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State v. Ricks

Court of Appeals of North Carolina

November 18, 2014

STATE OF NORTH CAROLINA
v.
WILLIAM MCKINLEY RICKS

Heard in the Court of Appeals September 8, 2014

Attorney General Roy Cooper, by Assistant Attorney General Allison A. Angell, for the State.

Amanda S. Zimmer for defendant-appellant.

McCULLOUGH, Judge. Judges ERVIN and BELL concur.

Page 693

Appeal by defendant from judgment entered 14 November 2013 by Judge Quentin T. Sumner in Nash County Superior Court, No. 12 CRS 54771.

OPINION

McCULLOUGH, Judge.

William McKinley Ricks (" defendant" ) appeals from judgment entered upon his conviction for habitual impaired driving. For the following reasons, we reverse.

I. Background

Defendant was arrested on 24 September 2012 and later indicted by a Nash County Grand Jury on 3 December 2012 on a charge of habitual impaired driving. On 13 November 2013, the case was called for jury trial in Nash County Superior Court, the Honorable Quentin T. Sumner, Judge presiding.

The State's evidence at trial tended to show the following: At approximately 7:30 p.m. on 24 September 2012, T. D. White, a former patrol officer with the City of Rocky Mount Police Department, responded to a call from dispatch reporting a moped accident in the area of South Church Street and Bassett Street. White described the area as a vacant lot at the intersection of South Church Street and Bassett Street surrounded by businesses on both sides. White testified it appeared there had been a building on the lot at some point, but all that remained was a driveway cutting directly across the lot from South Church Street to Bassett Street. White referred to the driveway as a cut through and testified to having seen people walk and ride bicycles across it. White recalled that the driveway appeared to have been paved at one time, but was now dirt. White explained that the foot and bicycle traffic kept the area mowed down. There were no fences or barriers preventing access to the lot or cut through. White testified the cut through was wide enough to drive a motor vehicle through, explaining that he pulled his patrol car into the cut through when dealing with defendant. White also testified that he had seen cars use the cut through to turn around. Yet, it was mostly used for foot and bicycle traffic. White never found out who owned the lot.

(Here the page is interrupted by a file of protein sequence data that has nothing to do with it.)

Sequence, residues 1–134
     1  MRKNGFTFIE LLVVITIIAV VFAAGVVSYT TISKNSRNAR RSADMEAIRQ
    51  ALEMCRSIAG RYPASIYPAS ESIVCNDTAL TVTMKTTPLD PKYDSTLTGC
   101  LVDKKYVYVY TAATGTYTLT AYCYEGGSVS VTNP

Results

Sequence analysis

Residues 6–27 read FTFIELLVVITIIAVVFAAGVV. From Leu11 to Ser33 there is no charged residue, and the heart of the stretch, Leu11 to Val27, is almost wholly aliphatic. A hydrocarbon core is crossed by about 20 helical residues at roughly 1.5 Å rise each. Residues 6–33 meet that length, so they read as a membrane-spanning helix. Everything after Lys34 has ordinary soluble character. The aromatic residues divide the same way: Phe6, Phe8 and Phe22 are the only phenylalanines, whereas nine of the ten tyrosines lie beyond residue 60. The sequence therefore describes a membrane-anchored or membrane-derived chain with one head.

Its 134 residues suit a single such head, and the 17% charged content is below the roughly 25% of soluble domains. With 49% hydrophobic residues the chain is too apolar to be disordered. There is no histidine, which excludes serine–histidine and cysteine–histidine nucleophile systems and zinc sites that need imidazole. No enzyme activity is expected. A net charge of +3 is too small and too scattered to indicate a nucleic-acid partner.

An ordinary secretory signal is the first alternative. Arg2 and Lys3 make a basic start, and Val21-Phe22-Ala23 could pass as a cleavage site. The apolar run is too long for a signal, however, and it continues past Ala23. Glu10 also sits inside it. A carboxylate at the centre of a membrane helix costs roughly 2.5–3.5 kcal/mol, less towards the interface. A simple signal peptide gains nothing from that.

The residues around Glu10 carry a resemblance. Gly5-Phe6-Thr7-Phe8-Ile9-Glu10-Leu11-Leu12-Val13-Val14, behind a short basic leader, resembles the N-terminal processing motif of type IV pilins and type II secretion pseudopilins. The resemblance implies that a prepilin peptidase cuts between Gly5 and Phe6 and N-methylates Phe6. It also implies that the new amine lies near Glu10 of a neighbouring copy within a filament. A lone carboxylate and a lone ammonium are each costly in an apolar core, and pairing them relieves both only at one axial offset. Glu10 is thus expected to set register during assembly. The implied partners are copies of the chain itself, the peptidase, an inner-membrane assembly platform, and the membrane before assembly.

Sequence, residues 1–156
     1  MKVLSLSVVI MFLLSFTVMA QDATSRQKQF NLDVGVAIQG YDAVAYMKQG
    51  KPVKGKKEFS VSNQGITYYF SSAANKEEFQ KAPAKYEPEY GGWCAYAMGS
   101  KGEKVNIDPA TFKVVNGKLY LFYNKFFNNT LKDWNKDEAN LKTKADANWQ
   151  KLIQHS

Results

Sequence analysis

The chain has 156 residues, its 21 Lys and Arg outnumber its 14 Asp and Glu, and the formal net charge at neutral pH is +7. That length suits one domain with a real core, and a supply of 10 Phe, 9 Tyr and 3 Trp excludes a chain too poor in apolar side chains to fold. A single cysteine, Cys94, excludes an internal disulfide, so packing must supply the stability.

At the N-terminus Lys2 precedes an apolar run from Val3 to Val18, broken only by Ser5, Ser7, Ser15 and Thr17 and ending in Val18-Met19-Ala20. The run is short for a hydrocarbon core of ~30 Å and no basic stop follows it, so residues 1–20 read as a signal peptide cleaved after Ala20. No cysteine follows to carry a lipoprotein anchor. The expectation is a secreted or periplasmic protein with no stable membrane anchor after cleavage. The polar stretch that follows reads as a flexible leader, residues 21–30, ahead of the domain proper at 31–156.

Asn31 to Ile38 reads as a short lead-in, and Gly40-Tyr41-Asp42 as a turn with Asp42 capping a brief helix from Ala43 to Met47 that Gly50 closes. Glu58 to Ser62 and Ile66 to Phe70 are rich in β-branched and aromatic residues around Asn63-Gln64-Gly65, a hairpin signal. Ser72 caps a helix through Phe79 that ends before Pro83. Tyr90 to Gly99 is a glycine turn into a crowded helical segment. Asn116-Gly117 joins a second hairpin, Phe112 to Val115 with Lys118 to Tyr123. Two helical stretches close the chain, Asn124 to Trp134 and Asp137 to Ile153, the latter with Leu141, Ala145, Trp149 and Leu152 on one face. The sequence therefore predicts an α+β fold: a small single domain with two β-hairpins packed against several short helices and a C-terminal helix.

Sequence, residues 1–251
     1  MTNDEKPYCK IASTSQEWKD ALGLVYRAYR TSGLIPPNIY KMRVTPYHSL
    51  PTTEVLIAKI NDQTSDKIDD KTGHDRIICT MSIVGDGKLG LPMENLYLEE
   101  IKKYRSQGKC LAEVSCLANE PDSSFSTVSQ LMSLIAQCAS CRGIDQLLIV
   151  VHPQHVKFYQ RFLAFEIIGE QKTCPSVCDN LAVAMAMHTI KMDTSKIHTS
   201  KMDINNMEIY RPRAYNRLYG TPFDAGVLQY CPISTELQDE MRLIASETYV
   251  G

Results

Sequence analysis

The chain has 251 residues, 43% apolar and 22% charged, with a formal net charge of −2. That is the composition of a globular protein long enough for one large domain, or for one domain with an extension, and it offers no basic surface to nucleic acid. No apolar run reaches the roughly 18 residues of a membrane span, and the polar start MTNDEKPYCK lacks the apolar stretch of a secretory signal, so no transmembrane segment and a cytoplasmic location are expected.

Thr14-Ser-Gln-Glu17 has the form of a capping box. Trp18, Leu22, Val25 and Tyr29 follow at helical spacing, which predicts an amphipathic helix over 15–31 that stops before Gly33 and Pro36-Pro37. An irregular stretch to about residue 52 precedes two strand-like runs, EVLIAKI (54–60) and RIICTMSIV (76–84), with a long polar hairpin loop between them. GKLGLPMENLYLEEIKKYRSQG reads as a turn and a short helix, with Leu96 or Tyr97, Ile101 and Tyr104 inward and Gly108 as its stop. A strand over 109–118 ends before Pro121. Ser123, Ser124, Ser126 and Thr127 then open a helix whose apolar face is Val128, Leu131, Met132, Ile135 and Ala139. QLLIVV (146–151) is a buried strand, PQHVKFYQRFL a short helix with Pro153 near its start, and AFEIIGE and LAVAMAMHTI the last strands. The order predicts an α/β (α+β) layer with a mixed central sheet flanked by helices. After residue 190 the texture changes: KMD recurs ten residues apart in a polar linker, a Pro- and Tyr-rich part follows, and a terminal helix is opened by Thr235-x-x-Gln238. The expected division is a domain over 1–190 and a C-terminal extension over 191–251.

The fire department was already on the scene when White arrived. White recalled that the fire truck had pulled up on the sidewalk and was parked on the edge of the vacant lot and the firemen were gathered around a man on a moped in the vacant lot. As White approached, a fireman informed White that the man on the moped, later identified as defendant, had laid the moped down in the lot but appeared uninjured. The fireman added that he believed defendant might be impaired.

When White first encountered defendant, defendant was already back on the moped with the engine running. White asked defendant to turn the moped off and to step off of the vehicle. Defendant complied, but struggled and stumbled as he dismounted the moped. White then asked defendant to take his helmet off. Upon the removal of defendant's helmet, White immediately detected a strong odor of alcohol on defendant's breath. White then asked defendant to produce his I.D. Defendant again complied, but fumbled through his wallet for approximately 30 to 45 seconds to retrieve an I.D. that White could clearly see in the wallet. During their ensuing conversation, defendant informed White that he had consumed one drink earlier in the day around noon. White, however, was suspicious about the accuracy of this statement since he noticed defendant's speech was slurred and the odor of alcohol was still present on defendant's breath.

White informed defendant that he suspected that defendant was impaired and asked defendant to submit to field sobriety tests. Defendant complied, but did not perform the tests to the satisfaction of White. As a result of defendant's slurred speech, the odor of alcohol, and defendant's poor performance on the field sobriety tests, White formed the opinion that defendant was appreciably impaired by alcohol and arrested defendant for suspicion of DWI. As White took defendant into custody, defendant argued that he was on private property.

Defendant was transported to the police department where Officer David ...


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